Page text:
A new issue of the thrice-yearly Spaceship Away was published recently (issue 12). For those who haven't heard of this title, it's a 44 page full colour comic magazine featuring brand new Dan Dare strips that are produced exactly as they looked in the 1950's Eagle. In fact, the strips are so exact that the serials are broken into two page installments (complete with Eagle logo and 1950s layout) plus they're often drawn by Don Harley, one of the original Dan Dare artists! Those cynics who say "comics aren't like they used to be" should be pleased that this comic for one proves them wrong.
Spaceship Away is a labour of love published by dedicated Dan Dare fan Rod Barzilay. However it has full permission of the copyright owners, the Dan Dare Corporation, which means that this isn't "fan fiction" or "small press" as such; it's an official semi-professional Dan Dare comic, as legitimate a home as Eagle was to chronicle the ongoing adventures of the "Pilot of the Future".
In recent issues Rod has expanded the page count to include more sf comic strips such as Jet Morgan (Journey into Space, reprinted from Express Weekly) and Hal Starr (by Jeff Hawke creator Sydney Jordan, newly coloured by John Ridgway). The comic also includes other brand new Dan Dare stories by Keith Page and Tim Booth, plus a few one-page humour strips (the standout one being Dan Bear by Andy Boyce) and various features and exclusive artwork.
In my experience, most of the comic fans who bemoan the lack of UK adventure comics aren't subscribing to Spaceship Away for some reason. Admittedly the price is high at £6.99 an issue, but quality colour reproduction as seen here isn't cheap, and a limited print run will push the unit cost up. Also, the subject matter may be considered too dated for some tastes, and not "grim and gritty" enough for some 20 something fanboys. (Rod states in the current issue that three quarters of the readership are in the 50 to 70 age group. Hey, if that doesn't make it an "adult comic" then what does?) However, I always thought that the concept of being a comics fan was to appreciate good storytelling and artwork, in which regard Spaceship Away should appeal to all age groups, irrespective of whether one was a child of the Fifties or not. (Personally speaking, I never read Eagle as a kid, but I can really appreciate the strip now.)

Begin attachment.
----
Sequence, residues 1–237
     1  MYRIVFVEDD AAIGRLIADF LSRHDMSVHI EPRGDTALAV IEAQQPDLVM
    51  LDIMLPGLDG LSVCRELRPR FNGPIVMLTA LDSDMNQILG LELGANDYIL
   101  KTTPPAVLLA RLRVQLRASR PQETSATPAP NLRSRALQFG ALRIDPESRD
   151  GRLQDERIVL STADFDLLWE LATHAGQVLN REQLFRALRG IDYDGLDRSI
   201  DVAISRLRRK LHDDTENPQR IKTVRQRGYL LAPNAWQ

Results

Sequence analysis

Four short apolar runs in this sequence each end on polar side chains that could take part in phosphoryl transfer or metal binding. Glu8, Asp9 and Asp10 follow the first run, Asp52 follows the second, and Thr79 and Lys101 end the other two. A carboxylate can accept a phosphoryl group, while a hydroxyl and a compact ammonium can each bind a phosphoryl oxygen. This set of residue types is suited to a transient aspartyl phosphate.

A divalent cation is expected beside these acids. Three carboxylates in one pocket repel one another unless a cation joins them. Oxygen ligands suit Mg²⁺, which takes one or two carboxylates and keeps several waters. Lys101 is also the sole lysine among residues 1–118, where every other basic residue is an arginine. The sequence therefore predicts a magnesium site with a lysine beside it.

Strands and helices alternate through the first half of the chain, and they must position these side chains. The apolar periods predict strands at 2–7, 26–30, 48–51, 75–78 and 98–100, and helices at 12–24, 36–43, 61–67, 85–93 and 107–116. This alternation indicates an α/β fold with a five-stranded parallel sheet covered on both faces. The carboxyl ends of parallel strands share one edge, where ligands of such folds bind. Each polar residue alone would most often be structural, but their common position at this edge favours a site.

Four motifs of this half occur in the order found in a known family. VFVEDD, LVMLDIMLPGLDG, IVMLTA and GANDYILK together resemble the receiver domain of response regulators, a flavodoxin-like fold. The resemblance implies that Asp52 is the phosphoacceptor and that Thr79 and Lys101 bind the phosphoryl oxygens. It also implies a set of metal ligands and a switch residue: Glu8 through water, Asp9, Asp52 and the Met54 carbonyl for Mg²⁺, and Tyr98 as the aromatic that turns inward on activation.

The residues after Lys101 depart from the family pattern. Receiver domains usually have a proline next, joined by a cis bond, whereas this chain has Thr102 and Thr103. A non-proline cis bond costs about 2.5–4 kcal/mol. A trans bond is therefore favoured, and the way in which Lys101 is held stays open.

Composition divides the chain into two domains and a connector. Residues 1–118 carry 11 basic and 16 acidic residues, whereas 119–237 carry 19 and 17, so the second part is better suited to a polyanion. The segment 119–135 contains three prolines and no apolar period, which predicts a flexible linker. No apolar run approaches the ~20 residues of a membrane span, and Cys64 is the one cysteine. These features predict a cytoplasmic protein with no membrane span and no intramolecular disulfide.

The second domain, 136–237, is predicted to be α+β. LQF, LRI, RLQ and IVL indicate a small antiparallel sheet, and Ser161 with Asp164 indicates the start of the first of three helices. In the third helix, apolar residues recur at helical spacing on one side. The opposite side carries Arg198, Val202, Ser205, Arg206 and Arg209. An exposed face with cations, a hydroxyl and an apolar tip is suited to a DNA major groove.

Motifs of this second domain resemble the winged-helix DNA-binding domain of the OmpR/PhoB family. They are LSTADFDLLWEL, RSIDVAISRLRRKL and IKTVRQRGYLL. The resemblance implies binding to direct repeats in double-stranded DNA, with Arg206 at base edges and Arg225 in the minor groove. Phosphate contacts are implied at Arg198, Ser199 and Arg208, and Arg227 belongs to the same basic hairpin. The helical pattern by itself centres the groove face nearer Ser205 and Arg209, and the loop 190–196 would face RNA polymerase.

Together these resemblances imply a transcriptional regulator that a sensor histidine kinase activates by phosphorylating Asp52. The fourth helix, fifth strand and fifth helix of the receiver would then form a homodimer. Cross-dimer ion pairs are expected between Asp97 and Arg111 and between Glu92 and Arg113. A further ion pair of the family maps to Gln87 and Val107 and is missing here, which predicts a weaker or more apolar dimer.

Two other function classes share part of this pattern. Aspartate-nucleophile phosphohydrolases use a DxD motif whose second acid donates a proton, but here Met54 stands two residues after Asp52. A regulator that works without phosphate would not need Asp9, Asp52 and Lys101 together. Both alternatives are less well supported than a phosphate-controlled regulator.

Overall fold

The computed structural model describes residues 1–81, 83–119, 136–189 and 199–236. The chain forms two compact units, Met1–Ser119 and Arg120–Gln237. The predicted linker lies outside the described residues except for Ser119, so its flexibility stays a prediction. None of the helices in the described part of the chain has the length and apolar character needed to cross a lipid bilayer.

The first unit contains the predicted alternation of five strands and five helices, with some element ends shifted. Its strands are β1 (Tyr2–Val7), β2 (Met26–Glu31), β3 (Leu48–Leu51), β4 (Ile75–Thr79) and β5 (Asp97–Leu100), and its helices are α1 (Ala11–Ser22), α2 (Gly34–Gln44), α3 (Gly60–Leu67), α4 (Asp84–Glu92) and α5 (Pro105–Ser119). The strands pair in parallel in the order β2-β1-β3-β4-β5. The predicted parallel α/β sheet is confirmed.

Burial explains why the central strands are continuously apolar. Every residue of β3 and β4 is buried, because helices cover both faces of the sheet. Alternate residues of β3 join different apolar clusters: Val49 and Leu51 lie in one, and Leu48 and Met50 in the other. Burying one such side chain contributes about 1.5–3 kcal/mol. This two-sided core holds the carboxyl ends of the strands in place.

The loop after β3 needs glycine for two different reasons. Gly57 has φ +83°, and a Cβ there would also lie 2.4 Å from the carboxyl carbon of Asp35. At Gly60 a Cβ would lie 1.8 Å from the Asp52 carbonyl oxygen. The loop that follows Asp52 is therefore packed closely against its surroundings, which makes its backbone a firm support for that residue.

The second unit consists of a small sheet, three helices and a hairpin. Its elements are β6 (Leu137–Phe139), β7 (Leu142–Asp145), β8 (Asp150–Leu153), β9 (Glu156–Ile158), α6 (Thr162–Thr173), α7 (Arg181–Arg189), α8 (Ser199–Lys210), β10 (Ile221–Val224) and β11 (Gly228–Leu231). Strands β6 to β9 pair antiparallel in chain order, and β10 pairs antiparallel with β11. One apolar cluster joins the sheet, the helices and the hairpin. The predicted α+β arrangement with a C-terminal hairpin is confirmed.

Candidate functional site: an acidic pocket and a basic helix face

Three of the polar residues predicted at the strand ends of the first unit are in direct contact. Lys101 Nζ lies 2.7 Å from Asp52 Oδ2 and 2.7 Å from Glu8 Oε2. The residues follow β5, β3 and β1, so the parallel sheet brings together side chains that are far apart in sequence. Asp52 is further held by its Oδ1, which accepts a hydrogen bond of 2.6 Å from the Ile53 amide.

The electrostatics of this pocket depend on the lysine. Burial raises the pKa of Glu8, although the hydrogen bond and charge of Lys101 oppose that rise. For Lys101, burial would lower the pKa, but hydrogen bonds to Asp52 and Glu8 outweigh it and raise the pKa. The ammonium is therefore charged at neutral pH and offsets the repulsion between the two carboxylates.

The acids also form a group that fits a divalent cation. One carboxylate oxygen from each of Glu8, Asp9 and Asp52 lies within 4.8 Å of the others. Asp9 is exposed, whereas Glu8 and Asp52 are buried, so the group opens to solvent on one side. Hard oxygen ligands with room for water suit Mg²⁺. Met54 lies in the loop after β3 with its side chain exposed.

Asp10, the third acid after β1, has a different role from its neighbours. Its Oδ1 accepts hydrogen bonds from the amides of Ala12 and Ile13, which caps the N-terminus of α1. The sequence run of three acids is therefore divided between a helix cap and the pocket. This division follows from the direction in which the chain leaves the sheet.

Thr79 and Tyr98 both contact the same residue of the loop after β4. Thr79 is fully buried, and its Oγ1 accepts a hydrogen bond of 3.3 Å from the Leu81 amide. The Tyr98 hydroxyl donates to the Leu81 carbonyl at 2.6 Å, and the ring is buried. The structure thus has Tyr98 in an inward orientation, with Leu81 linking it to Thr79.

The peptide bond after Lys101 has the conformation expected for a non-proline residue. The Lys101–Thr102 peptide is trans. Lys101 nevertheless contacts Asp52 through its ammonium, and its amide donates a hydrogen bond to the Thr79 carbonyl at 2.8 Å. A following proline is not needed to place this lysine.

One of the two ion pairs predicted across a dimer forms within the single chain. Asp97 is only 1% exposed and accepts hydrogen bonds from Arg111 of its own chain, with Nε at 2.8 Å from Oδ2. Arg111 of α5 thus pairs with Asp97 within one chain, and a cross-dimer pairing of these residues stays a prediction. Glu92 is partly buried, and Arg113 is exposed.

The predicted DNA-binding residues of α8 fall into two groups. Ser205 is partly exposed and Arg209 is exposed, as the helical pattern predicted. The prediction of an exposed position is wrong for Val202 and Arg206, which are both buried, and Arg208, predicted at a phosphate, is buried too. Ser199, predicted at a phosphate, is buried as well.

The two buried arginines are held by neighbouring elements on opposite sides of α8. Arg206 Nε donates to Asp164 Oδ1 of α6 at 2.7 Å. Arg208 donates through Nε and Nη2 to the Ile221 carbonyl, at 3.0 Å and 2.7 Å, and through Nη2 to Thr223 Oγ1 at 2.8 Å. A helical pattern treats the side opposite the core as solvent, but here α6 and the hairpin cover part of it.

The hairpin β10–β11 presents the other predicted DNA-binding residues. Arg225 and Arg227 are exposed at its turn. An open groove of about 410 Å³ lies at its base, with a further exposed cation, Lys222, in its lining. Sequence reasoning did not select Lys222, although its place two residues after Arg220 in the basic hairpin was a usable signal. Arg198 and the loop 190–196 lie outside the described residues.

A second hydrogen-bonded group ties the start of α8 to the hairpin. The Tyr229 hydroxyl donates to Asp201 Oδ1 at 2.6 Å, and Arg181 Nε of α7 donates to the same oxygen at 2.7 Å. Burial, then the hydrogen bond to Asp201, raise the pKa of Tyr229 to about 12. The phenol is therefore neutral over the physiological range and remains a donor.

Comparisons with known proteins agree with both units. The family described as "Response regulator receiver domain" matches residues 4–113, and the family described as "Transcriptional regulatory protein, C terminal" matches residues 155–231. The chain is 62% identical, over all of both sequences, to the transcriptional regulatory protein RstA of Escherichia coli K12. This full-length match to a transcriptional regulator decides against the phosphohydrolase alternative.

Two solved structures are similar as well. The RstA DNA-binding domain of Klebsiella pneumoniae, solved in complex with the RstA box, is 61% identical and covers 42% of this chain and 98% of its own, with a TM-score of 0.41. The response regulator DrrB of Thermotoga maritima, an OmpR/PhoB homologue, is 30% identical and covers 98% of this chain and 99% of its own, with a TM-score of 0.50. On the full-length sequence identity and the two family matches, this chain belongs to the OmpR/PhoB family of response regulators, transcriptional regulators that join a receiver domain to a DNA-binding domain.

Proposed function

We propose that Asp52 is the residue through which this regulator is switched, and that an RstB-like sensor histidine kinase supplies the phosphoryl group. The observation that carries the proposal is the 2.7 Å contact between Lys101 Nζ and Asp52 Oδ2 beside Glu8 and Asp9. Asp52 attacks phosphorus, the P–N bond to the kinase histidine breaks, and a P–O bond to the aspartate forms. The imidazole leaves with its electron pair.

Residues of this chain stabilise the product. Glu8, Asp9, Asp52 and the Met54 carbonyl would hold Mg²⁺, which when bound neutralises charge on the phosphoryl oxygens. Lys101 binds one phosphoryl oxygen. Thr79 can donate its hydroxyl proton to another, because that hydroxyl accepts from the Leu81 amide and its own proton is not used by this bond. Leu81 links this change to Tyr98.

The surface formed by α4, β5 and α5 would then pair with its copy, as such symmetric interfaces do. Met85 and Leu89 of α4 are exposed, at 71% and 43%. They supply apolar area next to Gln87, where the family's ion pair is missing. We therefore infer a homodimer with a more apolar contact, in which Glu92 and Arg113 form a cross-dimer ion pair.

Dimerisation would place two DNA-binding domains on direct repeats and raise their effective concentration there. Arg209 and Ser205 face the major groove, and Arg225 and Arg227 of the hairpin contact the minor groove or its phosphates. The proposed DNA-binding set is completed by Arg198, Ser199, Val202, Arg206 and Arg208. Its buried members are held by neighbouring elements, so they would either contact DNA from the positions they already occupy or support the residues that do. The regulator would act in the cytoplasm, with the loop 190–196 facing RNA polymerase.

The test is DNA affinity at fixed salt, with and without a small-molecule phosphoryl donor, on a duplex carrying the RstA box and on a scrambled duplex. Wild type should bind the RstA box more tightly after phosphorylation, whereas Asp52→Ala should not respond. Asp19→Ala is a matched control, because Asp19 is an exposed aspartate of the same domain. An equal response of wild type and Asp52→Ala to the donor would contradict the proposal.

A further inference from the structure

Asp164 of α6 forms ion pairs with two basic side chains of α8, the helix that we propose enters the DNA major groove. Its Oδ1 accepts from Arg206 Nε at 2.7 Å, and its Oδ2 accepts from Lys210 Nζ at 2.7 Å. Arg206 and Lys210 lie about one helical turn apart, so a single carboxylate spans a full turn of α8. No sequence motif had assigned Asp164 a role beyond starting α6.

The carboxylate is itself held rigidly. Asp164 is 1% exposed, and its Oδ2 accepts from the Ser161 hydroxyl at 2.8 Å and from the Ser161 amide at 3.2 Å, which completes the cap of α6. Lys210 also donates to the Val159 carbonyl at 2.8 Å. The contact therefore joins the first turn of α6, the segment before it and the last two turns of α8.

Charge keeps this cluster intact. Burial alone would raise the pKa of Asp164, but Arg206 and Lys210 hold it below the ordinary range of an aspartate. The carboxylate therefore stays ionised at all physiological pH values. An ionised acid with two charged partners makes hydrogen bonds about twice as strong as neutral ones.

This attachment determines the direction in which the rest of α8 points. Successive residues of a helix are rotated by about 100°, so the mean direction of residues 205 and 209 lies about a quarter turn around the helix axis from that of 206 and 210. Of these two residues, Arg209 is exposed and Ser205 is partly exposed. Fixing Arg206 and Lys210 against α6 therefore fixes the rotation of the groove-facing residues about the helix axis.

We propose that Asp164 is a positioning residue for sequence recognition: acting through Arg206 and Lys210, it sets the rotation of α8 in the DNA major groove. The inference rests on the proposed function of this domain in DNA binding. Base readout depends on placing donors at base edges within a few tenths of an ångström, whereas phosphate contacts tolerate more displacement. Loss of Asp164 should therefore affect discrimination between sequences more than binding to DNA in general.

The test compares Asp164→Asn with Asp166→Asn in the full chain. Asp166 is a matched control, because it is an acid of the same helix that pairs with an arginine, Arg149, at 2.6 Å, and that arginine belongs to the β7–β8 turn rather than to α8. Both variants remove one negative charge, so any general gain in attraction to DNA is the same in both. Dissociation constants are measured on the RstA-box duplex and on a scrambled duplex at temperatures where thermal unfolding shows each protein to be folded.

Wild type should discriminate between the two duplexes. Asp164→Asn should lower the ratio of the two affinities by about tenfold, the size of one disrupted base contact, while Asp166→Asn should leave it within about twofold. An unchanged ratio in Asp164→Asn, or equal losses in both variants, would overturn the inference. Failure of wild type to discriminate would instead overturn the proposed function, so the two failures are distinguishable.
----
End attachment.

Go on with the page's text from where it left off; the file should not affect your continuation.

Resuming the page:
Spaceship Away reminds me of the comics of yesteryear in that it's an anthology title, so there's plenty going on in its pages. The only thing that lets it down a little in my opinion is the awkward title masthead design, which betrays its PC desktop publishing origins and detracts from the professionalism of the rest of the comic. Perhaps Graham Bleathman (who is spotlighted inside this issue) could be commissioned to design a new logo?
If you wish the UK still had "proper comics" and you've never given Spaceship Away a try, here's your chance. All the back issues are still available from the publisher at http://spaceshipaway.org.uk/ where you can also subscribe to future issues. No.12 is out now, and issue 13 will be published in October.